The British Phonographic Industry (BPI), the UK record labels association, has published its annual yearbook All About The Music 2019. The yearbook came with the encouraging news that the UK record company trade income has leaped by over a fifth (+21.8%) following three years of consecutive growth since 2015.
The BPI found that paid subscription streams accounted for 54% of British labels’ income last year. Revenue from these streams grew 34% over 2017 to £468 million ($614 million).
UK music industry’s revenues in 2018 of £865.5 million, reflecting streams and sales of music across all music formats combined with earnings from ‘sync’, rose 3.1 percent on the year, and now stand at their highest level since 2009, though they are still down on the £1.2 billion post-millennium peak year of 2001. The revenue increase follows a 5.7 percent rise in music consumption across all formats, which the BPI reported earlier this year, and broadly translates into a retail value of £1.34 billion according to ERA.
“The recorded music industry in the UK is showing consistent growth, driven by investment in new talent, innovative global marketing, and offering music fans outstanding choice, convenience and value. Long-term growth depends on robust government action to tackle the value gap, promote investment, ensure online platforms take responsible action to reduce infringement, and secure the future talent pipeline by giving state school pupils the opportunity to discover and develop their talent,” said Geoff Taylor, BPI’s Chief Executive.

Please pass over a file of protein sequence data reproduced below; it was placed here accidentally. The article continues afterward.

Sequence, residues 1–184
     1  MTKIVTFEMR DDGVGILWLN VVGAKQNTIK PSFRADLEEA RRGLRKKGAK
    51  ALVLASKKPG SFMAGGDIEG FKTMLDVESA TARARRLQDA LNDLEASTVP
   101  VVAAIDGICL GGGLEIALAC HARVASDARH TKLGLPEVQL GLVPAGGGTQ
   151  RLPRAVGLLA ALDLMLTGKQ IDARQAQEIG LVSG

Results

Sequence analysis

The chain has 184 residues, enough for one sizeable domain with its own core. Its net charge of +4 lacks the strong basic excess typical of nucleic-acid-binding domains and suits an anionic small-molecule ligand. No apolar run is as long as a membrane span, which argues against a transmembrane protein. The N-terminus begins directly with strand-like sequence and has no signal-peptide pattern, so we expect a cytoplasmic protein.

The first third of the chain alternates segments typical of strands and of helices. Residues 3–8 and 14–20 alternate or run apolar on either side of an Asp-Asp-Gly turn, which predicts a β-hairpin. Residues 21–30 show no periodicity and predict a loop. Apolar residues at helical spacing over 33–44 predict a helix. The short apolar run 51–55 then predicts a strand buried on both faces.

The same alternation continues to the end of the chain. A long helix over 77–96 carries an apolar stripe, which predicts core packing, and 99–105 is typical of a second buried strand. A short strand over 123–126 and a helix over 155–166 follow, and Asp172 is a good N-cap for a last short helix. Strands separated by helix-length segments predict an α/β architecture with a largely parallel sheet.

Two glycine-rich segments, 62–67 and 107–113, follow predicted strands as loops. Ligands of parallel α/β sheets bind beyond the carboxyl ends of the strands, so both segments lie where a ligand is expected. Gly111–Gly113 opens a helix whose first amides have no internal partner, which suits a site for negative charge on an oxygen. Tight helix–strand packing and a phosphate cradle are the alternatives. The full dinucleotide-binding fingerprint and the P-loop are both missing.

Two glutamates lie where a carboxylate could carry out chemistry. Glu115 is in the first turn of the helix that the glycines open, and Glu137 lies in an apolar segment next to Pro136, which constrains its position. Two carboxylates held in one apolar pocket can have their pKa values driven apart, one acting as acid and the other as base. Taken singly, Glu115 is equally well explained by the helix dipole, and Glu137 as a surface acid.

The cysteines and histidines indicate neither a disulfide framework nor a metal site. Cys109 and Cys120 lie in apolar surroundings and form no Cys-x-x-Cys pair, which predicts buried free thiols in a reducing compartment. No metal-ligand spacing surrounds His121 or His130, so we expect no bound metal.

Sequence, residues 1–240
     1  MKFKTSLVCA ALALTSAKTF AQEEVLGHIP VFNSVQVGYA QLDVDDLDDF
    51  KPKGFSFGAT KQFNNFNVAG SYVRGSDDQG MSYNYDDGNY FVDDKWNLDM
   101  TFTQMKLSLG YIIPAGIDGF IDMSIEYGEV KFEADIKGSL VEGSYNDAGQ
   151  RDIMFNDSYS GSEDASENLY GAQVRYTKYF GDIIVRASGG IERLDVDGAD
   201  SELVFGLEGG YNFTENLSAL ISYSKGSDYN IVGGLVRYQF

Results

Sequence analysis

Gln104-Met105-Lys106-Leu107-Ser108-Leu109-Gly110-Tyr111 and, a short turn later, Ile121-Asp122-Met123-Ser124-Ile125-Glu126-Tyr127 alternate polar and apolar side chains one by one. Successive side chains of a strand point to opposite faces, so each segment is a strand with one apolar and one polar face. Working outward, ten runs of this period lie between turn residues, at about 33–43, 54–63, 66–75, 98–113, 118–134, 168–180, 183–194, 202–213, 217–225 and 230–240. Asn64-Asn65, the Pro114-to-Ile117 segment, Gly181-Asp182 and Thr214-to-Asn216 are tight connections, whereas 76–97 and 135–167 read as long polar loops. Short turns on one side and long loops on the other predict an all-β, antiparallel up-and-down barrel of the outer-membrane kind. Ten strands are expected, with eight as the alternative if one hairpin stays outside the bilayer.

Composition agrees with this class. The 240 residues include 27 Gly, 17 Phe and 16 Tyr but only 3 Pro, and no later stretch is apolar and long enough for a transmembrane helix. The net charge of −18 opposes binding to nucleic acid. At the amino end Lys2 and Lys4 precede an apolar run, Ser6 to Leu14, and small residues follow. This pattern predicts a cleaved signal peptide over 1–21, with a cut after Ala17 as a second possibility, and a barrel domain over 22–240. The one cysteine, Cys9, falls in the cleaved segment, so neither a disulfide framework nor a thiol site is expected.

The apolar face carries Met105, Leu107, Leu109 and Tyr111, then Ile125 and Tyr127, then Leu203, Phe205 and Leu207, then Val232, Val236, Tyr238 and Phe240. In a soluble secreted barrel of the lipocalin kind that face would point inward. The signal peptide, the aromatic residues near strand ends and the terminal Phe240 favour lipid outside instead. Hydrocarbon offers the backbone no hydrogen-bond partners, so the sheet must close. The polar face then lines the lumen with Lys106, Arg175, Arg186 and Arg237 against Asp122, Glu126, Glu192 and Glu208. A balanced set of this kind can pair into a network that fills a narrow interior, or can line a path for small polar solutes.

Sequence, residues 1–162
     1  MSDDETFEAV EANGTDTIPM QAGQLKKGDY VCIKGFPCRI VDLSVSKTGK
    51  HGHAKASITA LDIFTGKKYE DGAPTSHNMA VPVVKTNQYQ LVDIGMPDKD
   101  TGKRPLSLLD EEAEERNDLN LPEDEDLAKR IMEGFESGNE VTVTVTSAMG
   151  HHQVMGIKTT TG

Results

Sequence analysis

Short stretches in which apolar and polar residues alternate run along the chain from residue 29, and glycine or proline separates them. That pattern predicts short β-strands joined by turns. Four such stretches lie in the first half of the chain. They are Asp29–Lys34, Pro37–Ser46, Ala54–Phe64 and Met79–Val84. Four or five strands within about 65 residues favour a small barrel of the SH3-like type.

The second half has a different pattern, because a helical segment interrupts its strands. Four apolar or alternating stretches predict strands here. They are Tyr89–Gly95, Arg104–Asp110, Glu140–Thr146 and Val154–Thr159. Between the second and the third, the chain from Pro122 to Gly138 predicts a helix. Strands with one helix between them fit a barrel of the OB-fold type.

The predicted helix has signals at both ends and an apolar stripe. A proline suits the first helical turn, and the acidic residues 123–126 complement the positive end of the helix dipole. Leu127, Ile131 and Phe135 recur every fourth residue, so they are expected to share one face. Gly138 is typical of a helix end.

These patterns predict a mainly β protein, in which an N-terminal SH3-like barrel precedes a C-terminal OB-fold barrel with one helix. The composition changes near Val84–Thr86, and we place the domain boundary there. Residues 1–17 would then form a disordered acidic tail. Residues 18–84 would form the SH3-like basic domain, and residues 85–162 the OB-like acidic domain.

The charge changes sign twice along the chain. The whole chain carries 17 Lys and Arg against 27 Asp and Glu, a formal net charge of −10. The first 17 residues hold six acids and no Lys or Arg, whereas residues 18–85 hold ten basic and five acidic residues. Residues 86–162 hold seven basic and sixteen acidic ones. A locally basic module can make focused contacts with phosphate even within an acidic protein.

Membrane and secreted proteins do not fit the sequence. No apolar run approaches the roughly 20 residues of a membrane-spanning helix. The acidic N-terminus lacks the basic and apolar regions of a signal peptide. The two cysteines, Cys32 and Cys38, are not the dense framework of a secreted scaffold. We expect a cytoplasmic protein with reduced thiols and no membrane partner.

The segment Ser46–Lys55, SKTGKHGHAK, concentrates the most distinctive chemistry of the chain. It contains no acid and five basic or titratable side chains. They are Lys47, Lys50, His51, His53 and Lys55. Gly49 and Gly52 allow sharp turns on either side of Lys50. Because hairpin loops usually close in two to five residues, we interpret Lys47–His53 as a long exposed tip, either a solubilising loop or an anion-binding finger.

Streaming, CDs & Vinyls
Overall music streaming revenue grew to £516 million ($687 million). Ad-funded streams (Spotify, Deezer, etc.) grew 25.8% to £19 million ($25 million).
Revenue from video streams (YouTube, Facebook, etc.) rose 9.9% to £29.7 million ($39 million). This represents just over half the amount generated by vinyl, which, for all its recent growth, remains something of a niche format, and further underlines the continuing problem of the Value Gap.
The BPI noted that YouTube delivered more than 30 billion streams in 2018: “This would have been greater still had video streaming platforms, predominantly YouTube, generated a great deal more than just £29.7 million in return for an estimated 30 billion-plus annual plays of music videos in the UK,” the organization stated.
CD sales plummeted 28.4% to £240.7 million ($316 million). Downloads also saw a similarly sharp decline, falling 27.9% to £81.5 million ($107 million). Sync licensing brought in £25.5 million ($33.5 million) in revenue.
Vinyl sales saw a slight 3.7% increase to £57.1 million ($75 million), nearly double that of video streams. Though, vinyl is still a small piece of the overall recording pie. According to the BPI, overall revenue for 2018 grew 3.1% to £865.5 million ($1.1 billion), with vinyl comprising a 6.6% slice.
The BPI states that overall recording revenues have grown 20% for the British music industry in the past three years. Yet, this number remains far from the peak growth the industry brought in 18 years ago – £1.2 billion ($1.6 billion) in 2001.
Also worth noting is that growth is clearly slowing year-over-year. Unfortunately — or perhaps predictably — streaming’s hockey stick acceleration is slowing down, especially in major markets like the UK.